- Zaxby’s is the “most craveable” fast-casual restaurant, says Technomic’s consumer brand performance study. This is the second consecutive year Zaxby’s has ranked first in their category.
- Panera targets cities for expansion. The chain’s CFO stated Panera has little operating experience in urban areas and that operations there are “more difficult.” High rents and capital costs are partially offset by “extraordinarily high” volumes.
- Growth Chains: Cups Frozen Yogurt signed 3 area development agreements for 26 franchise units in California. Fuddrucker’s has signed a 10 unit partnership in Chili. UncleMadio’s Pizza Joint plans on opening 35 new restaurants this year. Another Broken Egg Café, which has doubled its number of locations in the last two years, will open five new restaurants in the first quarter of 2014. Hooter’s has signed a development agreement for three restaurants in Thailand in the next three years. London-based Wasabi will open its first U.S. location in Times Square. Cowboy Chicken has signed a franchise agreement for five stores south of Dallas. Comparable Store Sales Reports: BJ’s Restaurant (down 2.7 percent), Bravo Brio Restaurants (system-wide sales down 1.4 percent, Bravo down 1.3 percent and Brio down 1.5 percent), Denny’s (system-wide sales up 0.9 percent, with company-owned locations up 1.5 percent and franchised locations up 0.8 percent), Jack in the Box (system-wide sales up 1.9 percent, company-owned locations up 2.1 percent and franchised locations up 1.8 percent), Panera Bread (system-wide sales up 1.1 percent, company-owned locations up 1.7 percent, and franchised locations up 0.5 percent), Potbelly (up 0.7 percent), Qdoba (system-wide sales up 2.3 percent, company-owned locations up 2.0 percent, and franchised locations up 2.6 percent), Ruth’s Chris (up 5.5 percent), Steak N Shake (up 3.0 percent), Texas Roadhouse (company-owned locations up 2.1 percent and franchised locations up 4.5 percent) and Tim Horton’s (up 3.1 percent).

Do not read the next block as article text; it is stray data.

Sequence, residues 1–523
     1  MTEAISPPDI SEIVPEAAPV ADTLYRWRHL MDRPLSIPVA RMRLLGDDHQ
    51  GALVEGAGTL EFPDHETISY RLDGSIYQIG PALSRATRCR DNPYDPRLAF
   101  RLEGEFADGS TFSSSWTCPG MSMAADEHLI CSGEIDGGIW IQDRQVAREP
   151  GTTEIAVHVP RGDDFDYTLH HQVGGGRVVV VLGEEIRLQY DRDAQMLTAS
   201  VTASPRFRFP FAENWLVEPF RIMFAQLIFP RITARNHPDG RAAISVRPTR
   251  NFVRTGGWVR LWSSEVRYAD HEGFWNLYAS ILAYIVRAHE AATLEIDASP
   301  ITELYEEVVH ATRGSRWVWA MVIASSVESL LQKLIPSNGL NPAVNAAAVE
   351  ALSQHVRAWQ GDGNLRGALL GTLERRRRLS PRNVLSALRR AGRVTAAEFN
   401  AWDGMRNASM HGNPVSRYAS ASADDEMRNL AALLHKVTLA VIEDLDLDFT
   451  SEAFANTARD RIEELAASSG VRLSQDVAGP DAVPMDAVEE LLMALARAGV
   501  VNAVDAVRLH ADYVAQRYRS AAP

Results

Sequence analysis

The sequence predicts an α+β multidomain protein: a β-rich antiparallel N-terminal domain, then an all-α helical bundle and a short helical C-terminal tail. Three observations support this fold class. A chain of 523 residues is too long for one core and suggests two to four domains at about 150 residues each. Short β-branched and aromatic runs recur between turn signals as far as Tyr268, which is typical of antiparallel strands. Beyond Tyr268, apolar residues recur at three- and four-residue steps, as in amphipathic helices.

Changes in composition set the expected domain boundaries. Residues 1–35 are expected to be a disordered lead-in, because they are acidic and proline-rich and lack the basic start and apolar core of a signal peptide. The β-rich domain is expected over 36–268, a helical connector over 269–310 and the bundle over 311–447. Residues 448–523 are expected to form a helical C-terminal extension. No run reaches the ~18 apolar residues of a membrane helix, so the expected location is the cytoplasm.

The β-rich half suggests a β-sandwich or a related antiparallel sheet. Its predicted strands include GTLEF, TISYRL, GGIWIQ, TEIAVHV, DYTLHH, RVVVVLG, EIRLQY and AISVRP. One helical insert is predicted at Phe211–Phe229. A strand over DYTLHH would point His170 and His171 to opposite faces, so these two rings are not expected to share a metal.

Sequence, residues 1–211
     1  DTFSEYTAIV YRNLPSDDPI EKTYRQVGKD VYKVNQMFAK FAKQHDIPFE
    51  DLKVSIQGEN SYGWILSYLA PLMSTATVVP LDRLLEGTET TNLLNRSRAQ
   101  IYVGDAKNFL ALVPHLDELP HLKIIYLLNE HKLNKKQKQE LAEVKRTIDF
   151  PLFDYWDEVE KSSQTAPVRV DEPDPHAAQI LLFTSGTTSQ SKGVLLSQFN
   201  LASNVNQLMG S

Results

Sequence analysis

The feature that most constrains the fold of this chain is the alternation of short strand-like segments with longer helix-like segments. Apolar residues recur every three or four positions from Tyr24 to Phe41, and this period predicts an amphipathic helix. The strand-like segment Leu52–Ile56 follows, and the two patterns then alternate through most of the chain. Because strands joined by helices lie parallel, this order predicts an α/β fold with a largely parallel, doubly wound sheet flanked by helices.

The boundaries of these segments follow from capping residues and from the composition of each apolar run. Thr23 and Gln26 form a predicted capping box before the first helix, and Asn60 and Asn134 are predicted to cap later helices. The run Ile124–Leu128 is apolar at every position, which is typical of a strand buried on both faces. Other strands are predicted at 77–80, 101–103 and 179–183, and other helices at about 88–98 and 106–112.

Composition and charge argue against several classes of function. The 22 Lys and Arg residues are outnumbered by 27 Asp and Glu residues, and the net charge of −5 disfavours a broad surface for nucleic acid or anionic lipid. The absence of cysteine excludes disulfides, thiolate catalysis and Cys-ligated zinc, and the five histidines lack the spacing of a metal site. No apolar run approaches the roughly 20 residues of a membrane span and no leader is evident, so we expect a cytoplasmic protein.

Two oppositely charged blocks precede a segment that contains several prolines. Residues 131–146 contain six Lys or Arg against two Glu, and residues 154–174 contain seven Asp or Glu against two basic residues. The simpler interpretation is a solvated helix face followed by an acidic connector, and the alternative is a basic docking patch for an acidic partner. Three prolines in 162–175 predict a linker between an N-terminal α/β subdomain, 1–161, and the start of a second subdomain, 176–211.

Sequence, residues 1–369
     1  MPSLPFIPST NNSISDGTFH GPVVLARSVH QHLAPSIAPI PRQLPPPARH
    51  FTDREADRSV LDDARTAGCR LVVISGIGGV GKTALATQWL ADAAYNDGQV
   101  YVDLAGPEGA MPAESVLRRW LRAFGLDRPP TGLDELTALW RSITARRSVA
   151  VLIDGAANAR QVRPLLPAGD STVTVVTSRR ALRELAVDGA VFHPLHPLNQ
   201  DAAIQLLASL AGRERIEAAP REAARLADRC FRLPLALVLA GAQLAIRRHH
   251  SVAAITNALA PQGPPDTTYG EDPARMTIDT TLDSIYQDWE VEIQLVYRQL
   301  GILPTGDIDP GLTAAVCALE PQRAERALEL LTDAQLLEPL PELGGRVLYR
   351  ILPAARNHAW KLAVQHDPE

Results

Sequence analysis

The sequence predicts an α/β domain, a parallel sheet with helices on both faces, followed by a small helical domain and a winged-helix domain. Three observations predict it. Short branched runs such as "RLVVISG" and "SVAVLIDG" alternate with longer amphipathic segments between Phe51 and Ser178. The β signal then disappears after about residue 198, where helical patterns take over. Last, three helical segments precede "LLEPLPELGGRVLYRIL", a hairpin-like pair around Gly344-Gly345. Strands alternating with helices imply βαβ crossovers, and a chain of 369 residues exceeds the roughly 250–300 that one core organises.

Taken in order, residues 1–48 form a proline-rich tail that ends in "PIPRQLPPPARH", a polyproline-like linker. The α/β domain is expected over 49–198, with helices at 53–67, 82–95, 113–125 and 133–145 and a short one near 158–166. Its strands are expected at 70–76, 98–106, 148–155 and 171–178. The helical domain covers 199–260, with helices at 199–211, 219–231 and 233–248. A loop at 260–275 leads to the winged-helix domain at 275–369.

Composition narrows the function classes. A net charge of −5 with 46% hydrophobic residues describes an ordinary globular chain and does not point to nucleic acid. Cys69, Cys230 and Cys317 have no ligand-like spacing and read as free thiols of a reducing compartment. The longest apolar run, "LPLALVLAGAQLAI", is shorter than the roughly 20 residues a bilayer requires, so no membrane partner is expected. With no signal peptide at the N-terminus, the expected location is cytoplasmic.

For details and same-store sales of other chains, please click here for the latest Green Sheet.
Foodservice industry Supplier’s Financial Data has the latest quarter for Ecolab. For complete report on Suppliers’ Financial Data please click here.